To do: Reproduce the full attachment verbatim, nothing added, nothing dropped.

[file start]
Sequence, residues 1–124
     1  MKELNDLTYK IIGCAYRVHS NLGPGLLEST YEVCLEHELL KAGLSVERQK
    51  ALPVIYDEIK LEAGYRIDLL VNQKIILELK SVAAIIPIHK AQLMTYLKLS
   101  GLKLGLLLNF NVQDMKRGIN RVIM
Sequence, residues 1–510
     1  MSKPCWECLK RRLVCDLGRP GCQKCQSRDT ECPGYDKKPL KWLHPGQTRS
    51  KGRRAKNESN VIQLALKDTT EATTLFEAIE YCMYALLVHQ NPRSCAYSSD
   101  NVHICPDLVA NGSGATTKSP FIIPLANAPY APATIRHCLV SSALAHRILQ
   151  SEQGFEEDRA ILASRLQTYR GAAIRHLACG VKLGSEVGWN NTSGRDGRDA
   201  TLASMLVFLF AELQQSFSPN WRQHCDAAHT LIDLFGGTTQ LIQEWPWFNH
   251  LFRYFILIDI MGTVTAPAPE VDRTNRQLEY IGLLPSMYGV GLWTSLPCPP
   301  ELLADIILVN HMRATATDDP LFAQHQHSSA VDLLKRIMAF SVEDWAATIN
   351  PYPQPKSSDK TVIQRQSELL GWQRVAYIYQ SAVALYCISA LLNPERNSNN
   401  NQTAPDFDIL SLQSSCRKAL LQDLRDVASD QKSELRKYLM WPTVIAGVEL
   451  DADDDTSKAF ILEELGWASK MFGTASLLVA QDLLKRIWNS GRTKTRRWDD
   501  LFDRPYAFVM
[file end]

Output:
Sequence, residues 1–124
     1  MKELNDLTYK IIGCAYRVHS NLGPGLLEST YEVCLEHELL KAGLSVERQK
    51  ALPVIYDEIK LEAGYRIDLL VNQKIILELK SVAAIIPIHK AQLMTYLKLS
   101  GLKLGLLLNF NVQDMKRGIN RVIM
Sequence, residues 1–510
     1  MSKPCWECLK RRLVCDLGRP GCQKCQSRDT ECPGYDKKPL KWLHPGQTRS
    51  KGRRAKNESN VIQLALKDTT EATTLFEAIE YCMYALLVHQ NPRSCAYSSD
   101  NVHICPDLVA NGSGATTKSP FIIPLANAPY APATIRHCLV SSALAHRILQ
   151  SEQGFEEDRA ILASRLQTYR GAAIRHLACG VKLGSEVGWN NTSGRDGRDA
   201  TLASMLVFLF AELQQSFSPN WRQHCDAAHT LIDLFGGTTQ LIQEWPWFNH
   251  LFRYFILIDI MGTVTAPAPE VDRTNRQLEY IGLLPSMYGV GLWTSLPCPP
   301  ELLADIILVN HMRATATDDP LFAQHQHSSA VDLLKRIMAF SVEDWAATIN
   351  PYPQPKSSDK TVIQRQSELL GWQRVAYIYQ SAVALYCISA LLNPERNSNN
   401  NQTAPDFDIL SLQSSCRKAL LQDLRDVASD QKSELRKYLM WPTVIAGVEL
   451  DADDDTSKAF ILEELGWASK MFGTASLLVA QDLLKRIWNS GRTKTRRWDD
   501  LFDRPYAFVM